David Bourget (Western Ontario)
David Chalmers (ANU, NYU)
Rafael De Clercq
Ezio Di Nucci
Jack Alan Reynolds
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Philosophy 76 (2):239-250 (2001)
Gilbert Harman has argued that it does not make sense to ascribe character traits to people. The notion of morally virtuous character becomes particularly suspect. How plausible this is depends on how broad character traits would have to be. Views of character as entirely invariant behavioural tendencies offer a soft target. This paper explores a view that is a less easy target: character traits as specific to kinds of situation, and as involving probabilities or real possibilities. Such ascriptions are not undermined by Harman's arguments, and it remains plausible that the agent's character often is indispensable in explanation of behaviour. Character is indispensable also as processes of control that impose reliability where it really matters.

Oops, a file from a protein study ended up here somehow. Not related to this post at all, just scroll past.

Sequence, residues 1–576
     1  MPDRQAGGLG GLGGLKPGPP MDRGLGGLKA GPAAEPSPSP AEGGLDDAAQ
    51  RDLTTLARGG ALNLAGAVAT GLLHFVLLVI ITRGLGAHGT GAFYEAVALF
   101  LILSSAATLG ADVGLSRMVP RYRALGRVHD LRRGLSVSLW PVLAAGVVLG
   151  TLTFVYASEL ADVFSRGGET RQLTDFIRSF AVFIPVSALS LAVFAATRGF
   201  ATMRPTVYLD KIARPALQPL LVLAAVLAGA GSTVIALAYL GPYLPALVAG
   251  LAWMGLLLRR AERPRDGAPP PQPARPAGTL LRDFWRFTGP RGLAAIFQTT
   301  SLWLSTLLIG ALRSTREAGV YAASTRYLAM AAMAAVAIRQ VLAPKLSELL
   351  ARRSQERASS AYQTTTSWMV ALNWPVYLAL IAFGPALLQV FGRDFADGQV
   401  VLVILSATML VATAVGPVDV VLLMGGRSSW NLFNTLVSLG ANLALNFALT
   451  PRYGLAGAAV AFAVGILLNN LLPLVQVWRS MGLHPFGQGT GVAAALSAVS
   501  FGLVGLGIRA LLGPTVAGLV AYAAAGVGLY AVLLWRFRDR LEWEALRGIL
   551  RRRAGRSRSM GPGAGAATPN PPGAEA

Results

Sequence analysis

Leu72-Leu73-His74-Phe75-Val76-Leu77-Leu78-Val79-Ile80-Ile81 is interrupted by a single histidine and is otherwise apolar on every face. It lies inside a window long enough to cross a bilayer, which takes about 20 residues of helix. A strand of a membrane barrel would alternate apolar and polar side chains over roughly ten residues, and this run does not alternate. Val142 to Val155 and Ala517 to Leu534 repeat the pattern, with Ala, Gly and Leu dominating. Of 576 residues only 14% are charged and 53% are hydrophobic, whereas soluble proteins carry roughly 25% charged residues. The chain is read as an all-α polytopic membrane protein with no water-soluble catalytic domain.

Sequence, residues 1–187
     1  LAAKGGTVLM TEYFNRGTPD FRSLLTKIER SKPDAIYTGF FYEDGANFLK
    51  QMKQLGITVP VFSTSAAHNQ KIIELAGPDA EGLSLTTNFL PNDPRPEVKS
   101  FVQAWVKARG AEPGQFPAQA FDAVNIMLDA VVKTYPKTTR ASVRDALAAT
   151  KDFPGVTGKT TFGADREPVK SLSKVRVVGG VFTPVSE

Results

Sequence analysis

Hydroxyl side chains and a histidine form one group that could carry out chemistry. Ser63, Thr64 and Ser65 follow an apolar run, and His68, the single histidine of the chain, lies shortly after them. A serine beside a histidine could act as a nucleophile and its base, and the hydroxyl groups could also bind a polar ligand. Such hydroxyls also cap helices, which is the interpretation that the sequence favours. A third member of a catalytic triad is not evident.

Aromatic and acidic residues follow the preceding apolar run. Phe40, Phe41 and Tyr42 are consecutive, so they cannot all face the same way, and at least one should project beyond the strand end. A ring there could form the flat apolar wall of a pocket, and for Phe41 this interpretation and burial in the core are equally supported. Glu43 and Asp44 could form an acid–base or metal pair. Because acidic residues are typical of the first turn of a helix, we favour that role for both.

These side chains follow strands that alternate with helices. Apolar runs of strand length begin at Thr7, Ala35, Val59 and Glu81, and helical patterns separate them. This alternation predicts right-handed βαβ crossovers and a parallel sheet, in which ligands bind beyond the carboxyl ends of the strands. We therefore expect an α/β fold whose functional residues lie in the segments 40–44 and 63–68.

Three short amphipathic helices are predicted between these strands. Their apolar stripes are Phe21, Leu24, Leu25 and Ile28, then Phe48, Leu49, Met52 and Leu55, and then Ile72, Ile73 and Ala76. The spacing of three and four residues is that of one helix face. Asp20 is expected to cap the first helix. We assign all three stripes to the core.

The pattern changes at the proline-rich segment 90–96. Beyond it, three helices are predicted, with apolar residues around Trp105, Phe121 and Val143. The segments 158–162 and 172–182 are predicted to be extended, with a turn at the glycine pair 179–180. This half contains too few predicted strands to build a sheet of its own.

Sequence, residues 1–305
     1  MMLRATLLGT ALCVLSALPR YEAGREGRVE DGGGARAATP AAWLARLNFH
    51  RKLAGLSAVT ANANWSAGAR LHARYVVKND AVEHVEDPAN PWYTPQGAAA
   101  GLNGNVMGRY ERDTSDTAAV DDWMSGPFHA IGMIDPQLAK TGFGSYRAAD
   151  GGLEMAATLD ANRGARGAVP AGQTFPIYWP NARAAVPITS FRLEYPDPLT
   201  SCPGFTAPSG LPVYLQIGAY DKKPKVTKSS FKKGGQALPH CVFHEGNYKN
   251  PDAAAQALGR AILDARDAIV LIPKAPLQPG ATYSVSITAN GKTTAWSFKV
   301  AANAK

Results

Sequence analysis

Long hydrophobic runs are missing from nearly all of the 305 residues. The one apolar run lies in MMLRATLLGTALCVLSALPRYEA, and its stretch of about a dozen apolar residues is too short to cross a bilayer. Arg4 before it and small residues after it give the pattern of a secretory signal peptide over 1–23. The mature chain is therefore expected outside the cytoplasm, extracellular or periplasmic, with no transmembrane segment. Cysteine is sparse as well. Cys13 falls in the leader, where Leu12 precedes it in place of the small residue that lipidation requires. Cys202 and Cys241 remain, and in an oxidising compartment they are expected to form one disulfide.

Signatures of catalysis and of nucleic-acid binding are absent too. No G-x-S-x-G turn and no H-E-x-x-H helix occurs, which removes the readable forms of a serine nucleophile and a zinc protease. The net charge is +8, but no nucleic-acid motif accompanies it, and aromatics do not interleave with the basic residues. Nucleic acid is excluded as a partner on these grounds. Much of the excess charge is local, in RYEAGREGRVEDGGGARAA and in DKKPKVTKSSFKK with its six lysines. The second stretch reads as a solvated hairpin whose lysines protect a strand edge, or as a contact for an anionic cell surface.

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Citations of this work BETA
Peter B. M. Vranas (2005). The Indeterminacy Paradox: Character Evaluations and Human Psychology. Noûs 39 (1):1–42.
Miguel Alzola (2008). Character and Environment: The Status of Virtues in Organizations. [REVIEW] Journal of Business Ethics 78 (3):343 - 357.
John M. Doris (2009). Skepticism About Persons. Philosophical Issues 19 (1):57-91.
Lauren Olin & John M. Doris (2014). Vicious Minds. Philosophical Studies 168 (3):665-692.
Robert C. Solomon (2005). What's Character Got to Do with It? [REVIEW] Philosophy and Phenomenological Research 71 (3):648–655.
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